- The Washington Times - Wednesday, October 6, 2004

The United States and European Union slapped each other with World Trade Organization suits yesterday, accusing one another of paying out billions of dollars in illegal subsidies to their top aircraft manufacturers.

The cases escalate U.S.-EU trade friction and step up the high-stakes battle between Boeing, headquartered in Chicago, and Airbus, based in Toulouse, France, to control a wider share of the world market for commercial airplanes.

The trans-Atlantic rivals fought a similar battle over subsidies in the late 1980s and early 1990s before a 1992 agreement allowed a set level of government support. The Bush administration yesterday said the agreement had outlived its usefulness, as Airbus now sells more planes than Boeing.

“Since its creation 35 years ago, some Europeans have justified subsidies to Airbus as necessary to support an ‘infant’ industry. If that rationalization were ever valid, its time has long passed,” U.S. Trade Representative Robert B. Zoellick said.

Europe said the United States also doles out illegal aid.

“If this is the path the U.S. has chosen, we accept the challenge, not least because it is high time to put an end to massive illegal U.S. subsidies to Boeing which damage Airbus,” said Pascal Lamy, trade commissioner for the 25-nation bloc.

Democrats said the administration filed the case only weeks before the November election in a cynical attempt to curry support for the president.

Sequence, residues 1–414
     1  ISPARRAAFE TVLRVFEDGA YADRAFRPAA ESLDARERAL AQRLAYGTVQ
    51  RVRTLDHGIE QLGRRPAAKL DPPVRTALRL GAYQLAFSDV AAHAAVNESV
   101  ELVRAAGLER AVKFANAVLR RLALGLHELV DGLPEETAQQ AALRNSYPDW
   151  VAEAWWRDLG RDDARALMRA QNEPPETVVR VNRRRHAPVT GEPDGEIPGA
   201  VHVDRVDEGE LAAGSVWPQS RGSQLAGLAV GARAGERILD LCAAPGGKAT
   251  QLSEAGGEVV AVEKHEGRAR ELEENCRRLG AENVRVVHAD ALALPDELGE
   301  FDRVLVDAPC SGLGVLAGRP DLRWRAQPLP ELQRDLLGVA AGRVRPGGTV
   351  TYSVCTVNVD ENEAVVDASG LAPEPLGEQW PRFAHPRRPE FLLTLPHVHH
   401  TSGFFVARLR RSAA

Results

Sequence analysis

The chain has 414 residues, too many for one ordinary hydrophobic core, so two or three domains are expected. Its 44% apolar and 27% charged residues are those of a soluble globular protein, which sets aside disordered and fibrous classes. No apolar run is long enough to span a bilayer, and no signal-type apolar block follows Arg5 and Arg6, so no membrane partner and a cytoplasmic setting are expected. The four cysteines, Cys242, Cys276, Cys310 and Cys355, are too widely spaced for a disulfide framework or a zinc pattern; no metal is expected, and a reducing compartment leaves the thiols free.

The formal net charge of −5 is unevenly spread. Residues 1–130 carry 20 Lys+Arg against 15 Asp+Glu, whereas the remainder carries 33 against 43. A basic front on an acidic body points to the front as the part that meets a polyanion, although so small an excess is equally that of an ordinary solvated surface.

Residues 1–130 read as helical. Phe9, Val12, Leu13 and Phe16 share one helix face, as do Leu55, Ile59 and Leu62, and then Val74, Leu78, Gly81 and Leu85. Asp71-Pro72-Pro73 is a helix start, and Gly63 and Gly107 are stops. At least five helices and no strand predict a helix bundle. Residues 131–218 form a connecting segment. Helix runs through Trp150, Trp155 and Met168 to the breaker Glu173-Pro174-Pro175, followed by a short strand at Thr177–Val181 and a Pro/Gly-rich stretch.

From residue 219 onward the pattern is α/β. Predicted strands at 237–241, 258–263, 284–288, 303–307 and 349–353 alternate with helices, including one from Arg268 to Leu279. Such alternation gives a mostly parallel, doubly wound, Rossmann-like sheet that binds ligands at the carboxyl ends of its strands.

“Election-year conversions are not an adequate response to American businesses and workers harmed by inaction in the face of unfair trading practices,” said Rep. Sander M. Levin, Michigan Democrat and a party leader on trade issues.

The United States and Europe trade more than $400 billion in goods and services annually, the biggest such partnership in the world, but relations have been marred by a series of disputes over U.S. steel tariffs, export subsidies, EU regulations on genetically modified crops and European customs rules.

Congress is working to repeal the export subsidies and eliminate one fight, but yesterday’s actions may complicate a settlement.

The Airbus-Boeing battle follows calls from Boeing President and Chief Executive Officer Harry Stonecipher to confront the European conglomerate.

Airbus last year passed Boeing in annual aircraft deliveries while in the past five years, Boeing Commercial Airplanes has cut 61,000 jobs, more than half its work force, Boeing said.

The Bush administration this summer sat down with EU officials to ask for a renegotiation of the 1992 agreement but a senior U.S. trade official said Europe responded with “stonewalling and stalling.”

Mr. Lamy said the administration was “never seriously interested” in renegotiating the pact.

The Bush administration said European governments have subsidized Airbus, a consortium of French, German, Spanish and British companies, to the tune of $15 billion in low-cost, no-risk loans for new projects.

Europe’s case responded with a claim of $23 billion in subsidies for Boeing since 1992, including local tax breaks, infrastructure support, defense contracts and NASA research.

The stakes are especially high as the companies engineer new, competing aircraft. Airbus has developed the massive, 555-passenger A380 and has reportedly begun developing a smaller aircraft, the A350, to go head-to-head with Boeing’s new 7E7 “Dreamliner,” built for up to 257 passengers.

The WTO case was in part to head off another round of support for the new aircraft model, the administration said.

Yesterday’s WTOfilings will prompt consultations, hearings and appeals that could drag on for as long as two years.

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